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With 7 nodes of distinct values (unique), how many Binary search trees (BST) can be formed such that:

  • Exactly $1$ leaf node(s) present?
  • Exactly $2$ leaf nodes present?

I was able to solve the first one(and the actual problem was also that, but then I though what if the process can be extended)

Here's my take on the 1st one

Here the elements are  $1,2,3,4,5,6,7$ (let's assume that for simplicity) and we need only $1$ leaf 

  • So let us fix a root node: To fix the root node we have $2$choice either $1$ or $7$ from  $1,2,3,4,5,6,7$

  • (if we select any non-extreme elements then only $1$ leaf is not possible)

  • Let us say we select $1$ as root node 

  • In each and every level we have $2$ different option that is to select i,e; either of extreme elements

  • So in 2nd level we can select $2,3,4,5,6,7$

  • Let us say we select $7$ in 2nd level 

  • We still have 2 option to select in $2,3,4,5,6$

  • So this is true in all levels except last level since only $1$ element is left.

  • Therefore, total possibilities are : $2 * 2 * 2 * 2 * 2$ = $2^5$

The same condition is true for $7$ as a root

Hence, $2^5* 2$ (1 as root or 7 as root)  =  $2^6$.

(Which comes out as $2^{number of nodes -1}$)

But how can we now approach the second subpart or it can be generalized for let's say (2,3,4) leaf nodes?

  • Exactly 2 leaf nodes present?
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You can compute the numbers with dynamic programming.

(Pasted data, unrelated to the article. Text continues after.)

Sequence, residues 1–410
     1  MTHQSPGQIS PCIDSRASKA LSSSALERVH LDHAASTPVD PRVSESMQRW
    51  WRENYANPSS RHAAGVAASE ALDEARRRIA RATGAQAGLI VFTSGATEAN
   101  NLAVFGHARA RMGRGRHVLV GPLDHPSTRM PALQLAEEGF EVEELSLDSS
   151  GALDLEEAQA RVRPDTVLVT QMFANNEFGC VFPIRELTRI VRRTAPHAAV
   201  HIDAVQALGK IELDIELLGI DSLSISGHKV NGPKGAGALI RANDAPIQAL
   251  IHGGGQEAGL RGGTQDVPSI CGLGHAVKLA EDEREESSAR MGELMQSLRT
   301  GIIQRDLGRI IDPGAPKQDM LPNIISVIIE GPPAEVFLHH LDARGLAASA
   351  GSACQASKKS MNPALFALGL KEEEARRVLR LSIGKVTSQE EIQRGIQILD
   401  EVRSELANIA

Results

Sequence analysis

Let $c(n,l)$ be the number of BSTs with $n$ nodes and $l$ leaves, where the nodes are selected from a set of $n$ distinct nodes. Then we have the following recurrence relation in general cases,

$$c(n,l) = \sum_{i=0}^{n-1}\sum_{j=0}^l c(i,j)\cdot c(n-i-1, l-j)$$

  • The outer summation is over $i$, the number of nodes in the left sub-BST of a BST with $n$ nodes and $l$ leaves.
  • The inner summation is over $j$, the number of leaves in the the left sub-BST of $i$ nodes.
  • The product $c(i,j)\cdot c(n-i-1, l-j)$ is the number of BSTs whose left sub-BST has $i$ nodes and $j$ leaves and whose right sub-BST has $n-i-1$ nodes and $l-j$ leaves. Please note that the root of such BST has only one choice, namely, the $(i+1)^{th}$ smallest node.

I will let you figure out the boundary values of $c(n,l)$ such as when $n=0$ or $n=1$ or $l=0$. There might be a few different cases. However, this should be enough to point you to the right direction.

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  • $\begingroup$ Hey Thanks for your wonderful answer! I am not sure I got it completely, this line bugs me <the root of BST has only one choice> That's means it's valid for both left sub BST and right sub-BST right? $\endgroup$ – Aditya Nov 1 '18 at 4:54
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    $\begingroup$ By the statement, I mean if the left subtree has $i$ nodes, the root must be the $(i+1)^{th}$ smallest node ( and the right subtree must have $n-i-1$ nodes. $\endgroup$ – Apass.Jack Nov 1 '18 at 4:56
  • $\begingroup$ In a binary search tree, the root node is smaller than or equal to every node in its left subtree. The root node is greater than or equal to every node in its right subtree. So its left subtree and right subtree are symmetric. I do not get why you say "it only applies to the right sub bst and not to the left ones". Can you write in full detail what is that "it"? $\endgroup$ – Apass.Jack Nov 1 '18 at 5:01
  • $\begingroup$ Oh I got your point now(I was confused about that line meaning).. Thanks for the clarifications and for your quick reply. $\endgroup$ – Aditya Nov 1 '18 at 5:04
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    $\begingroup$ Oh, I see why you were confused. I could have also said, "... or, what is equivalent, its $(n-i)^{th}$ largest element" to keep the symmetry. $\endgroup$ – Apass.Jack Nov 1 '18 at 5:08

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